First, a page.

The determination and validation of target RNAm will help understand the development of the tumour and will provide potential targets to reduce its growth. In such manner, one of the goals to pursue is to identify a group of miRNAs, whose expression is significantly correlated with clinical parameters and which may be used to classify different degrees of

Little is known about the role of miRNAs as prognosticating indicators. Nevertheless, in astrocytomas, it has been observed that some miRNAs are expressed in a differential manner as miR-221 which is over-expressed in high-grade gliomas, and miR-124 has a lower level of expression in the anaplastic astrocytoma and in the GBM by comparison with low-grade astrocytomas such as the pilocytic and the diffuse astrocytoma. The low expression of miR-137 in astrocytomas is associated with a more advanced clinical phase. The low expression of miR-181b or the high expression of miR-21 was significantly associated with a poor survival of the patient [43].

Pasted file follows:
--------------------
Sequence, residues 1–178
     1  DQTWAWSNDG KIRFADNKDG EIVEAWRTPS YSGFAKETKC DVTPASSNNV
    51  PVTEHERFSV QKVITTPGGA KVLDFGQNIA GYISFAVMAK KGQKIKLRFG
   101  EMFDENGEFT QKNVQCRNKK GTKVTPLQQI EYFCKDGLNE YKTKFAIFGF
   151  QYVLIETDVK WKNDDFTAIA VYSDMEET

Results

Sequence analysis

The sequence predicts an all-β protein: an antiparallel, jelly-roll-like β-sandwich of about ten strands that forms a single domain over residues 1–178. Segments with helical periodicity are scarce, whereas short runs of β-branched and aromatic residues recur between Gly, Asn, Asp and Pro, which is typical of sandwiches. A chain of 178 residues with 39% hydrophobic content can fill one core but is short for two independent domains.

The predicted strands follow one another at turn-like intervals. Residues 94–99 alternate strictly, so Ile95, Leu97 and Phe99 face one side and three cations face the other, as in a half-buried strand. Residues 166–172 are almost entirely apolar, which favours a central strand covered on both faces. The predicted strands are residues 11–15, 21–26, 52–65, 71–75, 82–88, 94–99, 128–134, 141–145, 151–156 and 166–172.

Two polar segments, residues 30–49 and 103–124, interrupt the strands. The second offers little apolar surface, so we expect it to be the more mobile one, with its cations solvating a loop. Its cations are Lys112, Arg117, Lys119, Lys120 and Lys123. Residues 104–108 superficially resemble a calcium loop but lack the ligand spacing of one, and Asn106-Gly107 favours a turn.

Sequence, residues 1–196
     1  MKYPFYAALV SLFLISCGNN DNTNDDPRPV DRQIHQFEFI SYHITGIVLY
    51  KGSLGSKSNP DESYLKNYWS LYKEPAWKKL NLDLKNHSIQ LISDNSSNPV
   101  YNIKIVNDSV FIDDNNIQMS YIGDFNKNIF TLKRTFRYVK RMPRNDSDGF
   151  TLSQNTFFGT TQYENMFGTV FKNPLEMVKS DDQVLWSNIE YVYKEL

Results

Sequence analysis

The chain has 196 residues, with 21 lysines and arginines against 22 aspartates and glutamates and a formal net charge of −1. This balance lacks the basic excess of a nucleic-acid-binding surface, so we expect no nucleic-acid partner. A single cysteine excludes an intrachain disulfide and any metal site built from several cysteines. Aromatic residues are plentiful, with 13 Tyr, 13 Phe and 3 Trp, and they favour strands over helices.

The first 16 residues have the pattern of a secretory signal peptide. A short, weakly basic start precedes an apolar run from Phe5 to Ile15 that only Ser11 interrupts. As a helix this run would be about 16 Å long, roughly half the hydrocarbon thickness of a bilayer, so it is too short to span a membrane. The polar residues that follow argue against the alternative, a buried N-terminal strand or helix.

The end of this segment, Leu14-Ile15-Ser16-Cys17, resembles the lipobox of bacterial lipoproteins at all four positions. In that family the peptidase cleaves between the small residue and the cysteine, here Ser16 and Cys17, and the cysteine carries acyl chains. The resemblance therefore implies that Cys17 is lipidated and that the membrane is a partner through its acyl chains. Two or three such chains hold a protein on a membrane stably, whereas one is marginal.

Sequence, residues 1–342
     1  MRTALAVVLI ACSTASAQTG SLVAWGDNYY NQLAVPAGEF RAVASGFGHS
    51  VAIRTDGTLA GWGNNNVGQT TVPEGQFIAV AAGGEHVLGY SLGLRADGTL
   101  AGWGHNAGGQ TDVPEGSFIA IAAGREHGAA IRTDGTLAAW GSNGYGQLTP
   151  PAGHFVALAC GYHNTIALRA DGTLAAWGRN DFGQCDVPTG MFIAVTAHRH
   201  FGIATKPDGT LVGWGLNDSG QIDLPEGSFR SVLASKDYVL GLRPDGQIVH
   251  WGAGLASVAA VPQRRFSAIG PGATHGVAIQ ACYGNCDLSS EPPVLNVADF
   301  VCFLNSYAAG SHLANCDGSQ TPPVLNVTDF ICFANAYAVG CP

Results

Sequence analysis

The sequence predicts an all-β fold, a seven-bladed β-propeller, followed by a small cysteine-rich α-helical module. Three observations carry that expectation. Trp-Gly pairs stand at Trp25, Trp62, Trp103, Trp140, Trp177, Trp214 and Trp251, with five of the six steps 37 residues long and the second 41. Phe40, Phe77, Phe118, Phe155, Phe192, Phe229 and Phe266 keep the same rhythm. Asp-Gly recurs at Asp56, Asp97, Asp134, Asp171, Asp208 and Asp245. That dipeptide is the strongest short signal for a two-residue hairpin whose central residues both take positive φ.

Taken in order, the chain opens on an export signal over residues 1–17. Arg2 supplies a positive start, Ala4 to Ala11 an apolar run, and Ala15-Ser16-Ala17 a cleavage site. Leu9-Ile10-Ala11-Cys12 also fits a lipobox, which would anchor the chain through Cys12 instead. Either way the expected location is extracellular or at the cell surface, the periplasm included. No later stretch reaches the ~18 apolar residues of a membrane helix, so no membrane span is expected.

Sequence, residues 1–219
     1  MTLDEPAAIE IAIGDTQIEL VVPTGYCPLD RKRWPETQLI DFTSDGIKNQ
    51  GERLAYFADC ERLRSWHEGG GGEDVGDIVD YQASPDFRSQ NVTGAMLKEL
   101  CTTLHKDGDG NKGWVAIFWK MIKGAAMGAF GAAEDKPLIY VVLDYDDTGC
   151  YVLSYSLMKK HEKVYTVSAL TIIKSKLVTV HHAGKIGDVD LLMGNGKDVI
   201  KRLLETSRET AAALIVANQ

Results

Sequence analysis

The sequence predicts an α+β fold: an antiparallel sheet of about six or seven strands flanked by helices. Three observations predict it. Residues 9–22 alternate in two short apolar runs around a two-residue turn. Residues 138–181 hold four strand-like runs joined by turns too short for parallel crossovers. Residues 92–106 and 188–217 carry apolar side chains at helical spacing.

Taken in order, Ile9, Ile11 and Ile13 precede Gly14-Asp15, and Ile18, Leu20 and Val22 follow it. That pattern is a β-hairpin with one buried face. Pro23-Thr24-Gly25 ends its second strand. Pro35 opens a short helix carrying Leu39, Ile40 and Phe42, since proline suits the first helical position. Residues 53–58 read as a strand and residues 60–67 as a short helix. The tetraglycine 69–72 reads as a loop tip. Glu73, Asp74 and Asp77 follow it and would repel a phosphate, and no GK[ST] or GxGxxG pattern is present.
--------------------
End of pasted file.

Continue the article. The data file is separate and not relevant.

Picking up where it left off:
The miRNAs may have important therapeutic implications, given that they may be functionally antagonised or restored.

MiRNAs are less susceptible to chemical modifications and degradement by ribonucleases by comparison with RNAm. These features of miRNAs allow their detection not only from frozen tissue but also in bodily fluids such as plasma and serum, and even in samples fixed in formol and included in paraffin. This allows for the development of retrospective studies, including a greater number of cases. Particularly speaking, the level of expression starting from bodily fluids represents the most promising advance for a non-invasive diagnosis and allows for their use as biomarkers to detect tumours in early stages and correlating them with clinical development.

© 2018 The Author(s). Licensee IntechOpen. This chapter is distributed under the terms of the Creative Commons Attribution 3.0 License, which permits unrestricted use, distribution, and reproduction in any medium, provided the original work is properly cited.

How to cite and reference

Link to this chapter Copy to clipboard

Cite this chapter Copy to clipboard